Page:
With Apple Park, Ive is ensconced as master of the house, which means he has also inherited the burden of proving that Apple’s best days aren’t behind it. Apple hasn’t had a breakthrough product since Jobs died. The iPhone’s sales growth has stalled, and expectations are high that a 10th-anniversary phone will arrive later this year and will be markedly more advanced than previous versions. In other technologies, from digital assistants to driverless vehicles to augmented and virtual reality, Apple seems to lag other tech giants, including Google, Amazon and Tesla. Its new voice-activated speaker, HomePod, unveiled in June, will arrive on the market in December, three years after Amazon’s Echo.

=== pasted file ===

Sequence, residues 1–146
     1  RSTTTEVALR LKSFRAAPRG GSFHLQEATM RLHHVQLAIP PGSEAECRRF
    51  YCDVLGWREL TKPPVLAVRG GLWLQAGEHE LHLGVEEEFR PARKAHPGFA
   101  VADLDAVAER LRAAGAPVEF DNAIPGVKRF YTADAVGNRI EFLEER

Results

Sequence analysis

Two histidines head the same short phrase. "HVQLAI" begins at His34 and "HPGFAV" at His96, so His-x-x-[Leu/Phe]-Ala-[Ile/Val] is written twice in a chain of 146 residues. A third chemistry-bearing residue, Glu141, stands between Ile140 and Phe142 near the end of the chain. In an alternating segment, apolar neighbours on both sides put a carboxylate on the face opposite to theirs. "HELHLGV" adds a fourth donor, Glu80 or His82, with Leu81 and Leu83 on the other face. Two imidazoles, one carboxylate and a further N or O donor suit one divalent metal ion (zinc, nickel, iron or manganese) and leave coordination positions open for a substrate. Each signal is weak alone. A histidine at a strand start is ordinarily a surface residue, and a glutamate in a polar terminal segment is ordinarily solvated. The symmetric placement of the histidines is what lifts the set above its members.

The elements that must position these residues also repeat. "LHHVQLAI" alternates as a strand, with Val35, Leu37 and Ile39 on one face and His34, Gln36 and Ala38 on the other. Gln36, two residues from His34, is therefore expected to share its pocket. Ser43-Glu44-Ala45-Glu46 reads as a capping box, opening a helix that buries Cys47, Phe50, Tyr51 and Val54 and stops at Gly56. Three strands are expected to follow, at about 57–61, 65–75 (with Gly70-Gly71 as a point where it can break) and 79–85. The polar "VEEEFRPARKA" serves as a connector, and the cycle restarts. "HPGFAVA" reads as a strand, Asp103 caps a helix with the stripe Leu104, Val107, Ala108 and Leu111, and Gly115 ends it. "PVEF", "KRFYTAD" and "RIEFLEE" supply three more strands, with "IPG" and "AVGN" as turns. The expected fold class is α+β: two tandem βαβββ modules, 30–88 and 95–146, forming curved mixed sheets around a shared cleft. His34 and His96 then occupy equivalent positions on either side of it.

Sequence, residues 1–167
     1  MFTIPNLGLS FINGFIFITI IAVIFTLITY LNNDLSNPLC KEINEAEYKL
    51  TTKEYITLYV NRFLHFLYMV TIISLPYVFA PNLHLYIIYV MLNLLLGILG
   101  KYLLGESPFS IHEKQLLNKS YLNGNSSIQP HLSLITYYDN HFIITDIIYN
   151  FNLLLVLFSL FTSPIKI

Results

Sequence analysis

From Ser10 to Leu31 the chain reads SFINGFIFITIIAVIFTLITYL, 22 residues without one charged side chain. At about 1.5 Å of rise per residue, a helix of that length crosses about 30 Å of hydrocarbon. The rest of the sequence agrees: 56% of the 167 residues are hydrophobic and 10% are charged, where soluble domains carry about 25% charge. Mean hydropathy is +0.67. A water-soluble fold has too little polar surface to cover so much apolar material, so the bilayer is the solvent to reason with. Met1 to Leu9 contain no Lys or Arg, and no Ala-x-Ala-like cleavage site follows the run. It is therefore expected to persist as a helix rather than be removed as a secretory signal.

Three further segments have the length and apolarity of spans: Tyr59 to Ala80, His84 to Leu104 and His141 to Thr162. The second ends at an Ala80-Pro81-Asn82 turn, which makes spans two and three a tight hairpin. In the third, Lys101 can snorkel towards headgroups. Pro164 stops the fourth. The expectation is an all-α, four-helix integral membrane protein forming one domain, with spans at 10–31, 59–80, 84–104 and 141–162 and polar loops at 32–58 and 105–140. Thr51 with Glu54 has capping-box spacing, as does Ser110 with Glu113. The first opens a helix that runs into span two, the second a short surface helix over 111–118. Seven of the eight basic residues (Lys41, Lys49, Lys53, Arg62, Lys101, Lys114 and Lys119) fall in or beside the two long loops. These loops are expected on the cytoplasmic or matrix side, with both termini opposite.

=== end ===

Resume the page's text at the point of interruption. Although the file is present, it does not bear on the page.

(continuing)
The scattering of thousands of Apple employees across more than 100 sites in Silicon Valley has rendered more difficult the collaboration necessary for innovation. “We didn’t plan our growth, and then when we saw our growth, we were so engrossed in trying to push things forward that we didn’t spend time to really develop the workplace,” says Cook. “We’ve done a really good job of working around it, but it’s not the way we want to be working, nor does it represent our culture well.”
Like other Ive designs, Apple Park seems poised to become an icon. In an acknowledgement that the campus will attract interest beyond its employees, there will be a visitor center and a store selling items unique to Apple Park. Drones manned by aficionados have documented from the air the emergence of the futuristic ring-shaped building and the Steve Jobs Theater, a glass-walled auditorium that seats 1,000.